Transcript: Sen. Robert Menendez’s remarks on the bipartisan comprehensive immigration reform proposal

Transcribed and edited by Jenny Jiang

Partial transcript of Sen. Robert Menendez’s (D-N.J.) statement on the Gang of Eight’s bipartisan comprehensive immigration reform proposal at a press conference on Jan. 28, 2013: 

…As someone who has worked on this for years – both in the House when I was there and in the Senate – I am the most optimistic that I have been in quite some time, and I’m not Pollyanna about that at all. I recognize there are difficult challenges ahead. But I just get the sense of a spirit and commitment that is far beyond what I’ve seen in some time.

The American people support this. In poll after poll, when you take the elements of our principles, they have said, this is what we want to see – a reform of a broken system. And there is a reason for that.

If I want to secure the nation, I cannot secure the nation unless I know who is here to pursue the American dream versus who might be here to do it harm. And if I have millions of people in the shadows without coming forth and registering with the government, I don’t know what their ultimate purpose is here. And so when we talk about the nation’s security, reform is necessary for security as it is for the elements of our principles as it relates to enhancing [border security]…

When I talk about the nation’s economy, reform is critical to the nation’s economy. The reality is that even in a very tight economy, there are all types of industries in our country which have used the work of immigrants every day to achieve the economic goals of those industries.

If you got up this morning and had fruits for breakfast, it was probably picked by the bent-back of an immigrant worker.

If you, in fact, had vegetables – chicken for lunch, you probably had it de-plucked by the hands – cut-up hands – of an immigrant worker.

If you slept in a hotel or motel of the nation, you probably had your room done by immigrant worker.

If you are looking at some of the cutting-edge technologies in our country, you probably saw the ability of making America a more prosperous, competitive place in the world by the intellect of an immigrant worker.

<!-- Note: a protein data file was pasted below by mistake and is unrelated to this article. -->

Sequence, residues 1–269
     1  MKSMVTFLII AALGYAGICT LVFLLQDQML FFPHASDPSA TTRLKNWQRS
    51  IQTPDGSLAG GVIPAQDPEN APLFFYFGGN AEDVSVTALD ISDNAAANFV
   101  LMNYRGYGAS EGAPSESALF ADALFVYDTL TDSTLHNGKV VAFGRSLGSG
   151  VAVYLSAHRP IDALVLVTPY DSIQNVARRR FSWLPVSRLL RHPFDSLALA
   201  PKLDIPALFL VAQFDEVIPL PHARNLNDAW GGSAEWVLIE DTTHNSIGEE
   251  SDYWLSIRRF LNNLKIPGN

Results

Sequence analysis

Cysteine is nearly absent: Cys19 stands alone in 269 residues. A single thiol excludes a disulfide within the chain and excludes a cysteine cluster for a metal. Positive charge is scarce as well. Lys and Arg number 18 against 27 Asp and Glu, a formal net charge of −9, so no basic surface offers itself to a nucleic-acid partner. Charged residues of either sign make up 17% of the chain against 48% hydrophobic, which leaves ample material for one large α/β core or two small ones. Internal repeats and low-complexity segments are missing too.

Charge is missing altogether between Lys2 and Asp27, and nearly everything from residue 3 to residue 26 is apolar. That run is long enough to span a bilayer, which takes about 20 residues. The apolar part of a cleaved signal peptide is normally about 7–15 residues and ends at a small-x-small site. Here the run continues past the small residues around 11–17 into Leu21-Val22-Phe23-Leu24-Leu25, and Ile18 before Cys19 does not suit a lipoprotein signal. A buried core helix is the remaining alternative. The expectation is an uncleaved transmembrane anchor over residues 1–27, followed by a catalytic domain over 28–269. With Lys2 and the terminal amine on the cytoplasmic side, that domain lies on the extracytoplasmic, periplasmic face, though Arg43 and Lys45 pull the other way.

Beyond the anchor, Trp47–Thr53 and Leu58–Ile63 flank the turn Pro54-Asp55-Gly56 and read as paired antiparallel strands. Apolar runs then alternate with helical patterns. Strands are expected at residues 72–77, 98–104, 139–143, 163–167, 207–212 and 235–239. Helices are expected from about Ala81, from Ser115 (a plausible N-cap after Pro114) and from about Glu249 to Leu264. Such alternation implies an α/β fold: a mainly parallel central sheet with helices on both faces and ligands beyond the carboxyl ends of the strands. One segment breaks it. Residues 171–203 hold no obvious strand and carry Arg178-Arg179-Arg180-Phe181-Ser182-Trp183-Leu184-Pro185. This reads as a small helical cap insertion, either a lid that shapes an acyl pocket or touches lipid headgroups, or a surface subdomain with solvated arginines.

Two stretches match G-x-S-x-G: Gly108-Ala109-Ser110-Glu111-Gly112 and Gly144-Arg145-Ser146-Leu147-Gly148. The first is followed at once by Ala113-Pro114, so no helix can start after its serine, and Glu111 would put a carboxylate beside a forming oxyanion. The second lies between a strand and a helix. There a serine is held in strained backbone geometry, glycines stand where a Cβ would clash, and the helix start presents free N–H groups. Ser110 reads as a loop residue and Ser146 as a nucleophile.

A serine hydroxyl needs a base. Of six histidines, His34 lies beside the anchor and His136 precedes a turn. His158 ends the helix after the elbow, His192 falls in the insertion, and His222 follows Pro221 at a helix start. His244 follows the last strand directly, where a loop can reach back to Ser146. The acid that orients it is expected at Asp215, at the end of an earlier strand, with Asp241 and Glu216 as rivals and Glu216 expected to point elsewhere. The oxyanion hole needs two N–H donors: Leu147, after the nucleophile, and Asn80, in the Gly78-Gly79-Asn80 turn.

So in so many dimensions, this is about the economy of our nation as well.

And finally, two elements of this, I think, are incredibly important within all the principles which I support is the fact that we have seen in other countries around the world where there is no pathway to citizenship that there is instability.

The reality is that this will be an arduous pathway but it will be a fair one. It will be one in which those who have come to this country to achieve the American dream will come forth, must register with the government or they’ll lose their opportunities, will have to go through a criminal background check, will have to pay any previous taxes they did not pay although many do pay through taxpayer ID numbers or Social Security number but nonetheless they will have to pay anything they didn’t pay before. They will have to – for the first time in U.S. history – learn English to be able to even become a permanent resident. We require that for U.S. citizenship; we have never required that for permanent residents – it’s a higher standard.

So those are some of the elements of a more arduous path but a real opportunity at the end of the day.

And lastly, as someone who is a big advocate of making sure our economy is strong as a result of immigration reform but also that we preserve a core value of our society and our history in our immigration law, which is family reunification and how do we do that in a way that is smart and that promotes legal immigration versus that has families divided for so long and that pressures them to make choices about how to become reunified. I believe we can take care of all those issues.

[Remarks in Spanish]


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3 Comments on “Transcript: Sen. Robert Menendez’s remarks on the bipartisan comprehensive immigration reform proposal

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